Eligibility and willingness of young Icelandic women to participate in a HPV vaccination trial



Background and aims. Cervical cancer is an important health problem worldwide, and the incidence of preinvasive cervical cancer is increasing among young sexually active women. The causal association between human papilloma virus (HPV) and cervical cancer makes it theoretically possible to eradicate the disease through vaccination. The aim of this study was to analyze the eligibility and willingness of 18–23-year-old Icelandic women to participate in a vaccination trial to prevent HPV infection and to assess knowledge of HPV.

Material and methods. A questionnaire was formulated with questions on demographics, HPV knowledge, sexual behavior, attitude towards HPV vaccination, and other health-related issues. The questionnaire was tested on a subgroup of women before being mailed to 300 women aged 18–23 years, randomly selected by date of birth from the total population living in the Capital area of Reykjavík.

Results. The response rate of the mailed questionnaire was 54%. Of respondents, 96% reported having had sexual debut and 39% were aged 15 years or younger at first intercourse. Knowledge of HPV infections and associated diseases was limited, indicating the need for an educational campaign. Although 60% of the respondents were willing to participate in a HPV vaccination trial, the eligibility rate for the invited women was estimated to be approximately 13% (95% CI: 9–17%) after accounting for various exclusion criteria such as number of sexual partners, abnormal Pap smears, planning a pregnancy, or travelling abroad for more than 6 months.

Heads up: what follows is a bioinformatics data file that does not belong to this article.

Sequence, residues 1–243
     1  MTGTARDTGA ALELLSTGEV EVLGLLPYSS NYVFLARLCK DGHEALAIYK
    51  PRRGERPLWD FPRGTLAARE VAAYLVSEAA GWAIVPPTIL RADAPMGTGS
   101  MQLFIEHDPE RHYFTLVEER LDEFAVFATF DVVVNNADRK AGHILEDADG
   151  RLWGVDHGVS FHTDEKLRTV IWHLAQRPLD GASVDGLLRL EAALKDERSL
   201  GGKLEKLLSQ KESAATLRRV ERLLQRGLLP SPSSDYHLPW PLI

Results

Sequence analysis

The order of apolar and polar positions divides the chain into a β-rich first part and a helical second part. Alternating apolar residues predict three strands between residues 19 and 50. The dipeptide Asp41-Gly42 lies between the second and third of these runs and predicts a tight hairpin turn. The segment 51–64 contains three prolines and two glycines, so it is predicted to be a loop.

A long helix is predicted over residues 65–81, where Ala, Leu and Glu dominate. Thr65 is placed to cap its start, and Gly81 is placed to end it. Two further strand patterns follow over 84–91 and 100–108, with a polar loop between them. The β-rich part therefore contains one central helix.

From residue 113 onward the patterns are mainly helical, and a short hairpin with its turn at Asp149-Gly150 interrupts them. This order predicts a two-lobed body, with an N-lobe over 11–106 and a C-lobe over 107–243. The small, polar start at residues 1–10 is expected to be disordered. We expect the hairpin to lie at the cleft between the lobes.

Conclusions. Icelandic women between 18 and 23 years of age have a sexual behavior profile and lifestyle that may decrease their eligibility in future prophylactic HPV vaccine trials. Improved education about HPV infection and its consequences is needed. Future trials may need to include younger women to improve recruitment.